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Wine industry working towards getting greener

Recyclability and environmentally friendly seem to be the wine industry’s current buzzwords, as companies search for ways to make their products greener. Sainsbury’s, for instance, is just about to trial two of its own-label wines in PET bottles. A New Zealand Sauvignon Blanc and an Australian Rosé will be bottled here rather than at source and sold in traditionally shaped PET wine bottles, which are not only lightweight and recyclable but also designed to reduce the impact of carbon emissions.

The project is supported by the government-funded Waste & Resources Action Programme (WRAP), which has been encouraging the wine sector to lightweight wine bottles sold in the UK as part of its GlassRite programme.

Weight is an important issue in making wine containers more environmentally friendly. Sainsbury’s new PET container weighs just 54g compared to 500g for an average glass wine bottle. However, since the vast majority of the wine industry is unlikely to turn its back on glass, most work has involved looking at making glass bottles lighter. Quinn Glass, for example, has, with the support of WRAP, developed one of the lightest wine bottles in the UK, weighing 360g.

The difference lightweighting can make becomes clear when you look at the potential savings using an example. Take a South African white wine brand moving to a bottle lightweighted from 545g to 354g. According to James Ross Consulting, likely savings per million bottles would be over £62,000 in material costs, over 190 tonnes in glass savings, more than 140,000 tonnes in carbon savings and over 150,000 kilowatt hours.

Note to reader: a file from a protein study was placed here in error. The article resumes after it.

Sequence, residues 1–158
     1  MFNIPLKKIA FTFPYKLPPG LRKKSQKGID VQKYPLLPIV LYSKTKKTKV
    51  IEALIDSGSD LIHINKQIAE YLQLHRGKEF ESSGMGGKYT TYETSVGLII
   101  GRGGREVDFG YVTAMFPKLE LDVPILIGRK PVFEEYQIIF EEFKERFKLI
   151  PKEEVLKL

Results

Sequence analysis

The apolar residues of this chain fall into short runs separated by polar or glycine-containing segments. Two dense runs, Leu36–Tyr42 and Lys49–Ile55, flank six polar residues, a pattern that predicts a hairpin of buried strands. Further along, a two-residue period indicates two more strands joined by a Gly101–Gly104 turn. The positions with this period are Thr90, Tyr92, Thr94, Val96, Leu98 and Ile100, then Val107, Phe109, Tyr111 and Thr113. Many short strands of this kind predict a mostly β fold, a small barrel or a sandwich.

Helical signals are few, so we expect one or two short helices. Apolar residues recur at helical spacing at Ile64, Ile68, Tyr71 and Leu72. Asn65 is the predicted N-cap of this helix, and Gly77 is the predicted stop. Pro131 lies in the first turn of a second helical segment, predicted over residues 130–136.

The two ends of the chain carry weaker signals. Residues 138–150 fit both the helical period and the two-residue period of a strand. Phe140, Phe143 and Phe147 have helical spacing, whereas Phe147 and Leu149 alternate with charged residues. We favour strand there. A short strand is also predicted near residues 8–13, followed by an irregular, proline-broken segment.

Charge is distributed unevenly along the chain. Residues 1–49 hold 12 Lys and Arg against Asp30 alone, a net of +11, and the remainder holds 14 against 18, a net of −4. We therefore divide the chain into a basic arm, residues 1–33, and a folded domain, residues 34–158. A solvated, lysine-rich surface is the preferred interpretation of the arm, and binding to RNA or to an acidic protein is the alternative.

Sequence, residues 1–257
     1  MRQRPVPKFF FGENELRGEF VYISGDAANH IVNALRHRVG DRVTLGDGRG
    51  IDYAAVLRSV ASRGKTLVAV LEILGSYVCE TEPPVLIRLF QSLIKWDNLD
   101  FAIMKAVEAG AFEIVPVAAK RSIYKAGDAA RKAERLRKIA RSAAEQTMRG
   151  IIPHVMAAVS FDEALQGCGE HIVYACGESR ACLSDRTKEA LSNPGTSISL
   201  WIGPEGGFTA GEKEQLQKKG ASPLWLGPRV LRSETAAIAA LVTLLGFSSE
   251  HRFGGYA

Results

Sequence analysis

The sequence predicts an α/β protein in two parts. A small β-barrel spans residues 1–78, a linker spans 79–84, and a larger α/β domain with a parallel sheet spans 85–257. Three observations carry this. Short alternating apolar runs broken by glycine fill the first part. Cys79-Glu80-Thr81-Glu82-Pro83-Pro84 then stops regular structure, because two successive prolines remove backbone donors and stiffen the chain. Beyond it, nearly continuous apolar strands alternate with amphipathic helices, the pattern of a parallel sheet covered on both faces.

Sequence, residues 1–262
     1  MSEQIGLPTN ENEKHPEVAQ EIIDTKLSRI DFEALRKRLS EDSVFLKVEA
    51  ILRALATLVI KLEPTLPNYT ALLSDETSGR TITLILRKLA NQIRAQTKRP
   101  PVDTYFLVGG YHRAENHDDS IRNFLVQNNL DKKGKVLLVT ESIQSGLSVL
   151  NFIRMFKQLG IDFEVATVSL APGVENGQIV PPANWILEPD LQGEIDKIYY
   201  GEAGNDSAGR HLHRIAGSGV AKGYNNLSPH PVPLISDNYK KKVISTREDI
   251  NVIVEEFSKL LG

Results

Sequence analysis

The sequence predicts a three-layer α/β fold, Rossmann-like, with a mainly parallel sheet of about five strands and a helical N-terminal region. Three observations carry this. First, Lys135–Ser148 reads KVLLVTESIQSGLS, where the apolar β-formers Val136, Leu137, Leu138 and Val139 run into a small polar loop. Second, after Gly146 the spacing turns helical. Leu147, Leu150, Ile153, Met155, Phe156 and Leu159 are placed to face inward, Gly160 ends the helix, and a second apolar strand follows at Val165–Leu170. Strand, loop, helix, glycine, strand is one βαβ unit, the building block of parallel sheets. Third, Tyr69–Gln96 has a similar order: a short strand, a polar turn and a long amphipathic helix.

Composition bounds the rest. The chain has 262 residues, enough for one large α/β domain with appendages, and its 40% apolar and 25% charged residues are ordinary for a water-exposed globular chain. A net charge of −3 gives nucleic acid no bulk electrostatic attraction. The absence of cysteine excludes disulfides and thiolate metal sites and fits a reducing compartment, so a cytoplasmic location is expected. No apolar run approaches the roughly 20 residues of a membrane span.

Another issue in helping wine companies become greener is the colour of bottles – and, literally, green bottles are greener. Andy Dawe, WRAP’s Glass Technology Manager told ThirtyFifty, ‘Up to 100 per cent of green glass can be recycled, and in the UK there is the availability to get close to that. But only 50 - 60 per cent of clear glass can be recycled and manufacturers make more clear glass in the UK. Also, over half of what we discard is green glass from wine bottles coming into the UK, and you can’t use green glass for manufacturing clear glass.’

What GlassRite is trying to achieve, therefore, is more bulk wine importing and then bottling in the UK, preferably in green bottles that have been lightweighted. A WRAP report confirms that CO2 emissions can be reduced significantly by doing this. The study showed that by converting wine from shipping in bottles to bulk importation CO2 emissions can be reduced by 30 – 40 per cent. It also showed that lighter glass bottles can achieve reductions of up to 30 per cent.

However, even greater reductions are possible by combining these strategies, says the study. For instance, combining the benefits of bulk shipping and bottling in the UK into the lightest 300g bottles can result in 375g CO2 savings for every 75cl bottle of wine.

And while we are on the subject, what about blue bottles? Apparently, these are fine environmentally, according to Andy, because they can be recycled in with the green. ‘And there is only a small amount of blue anyway,’ he said.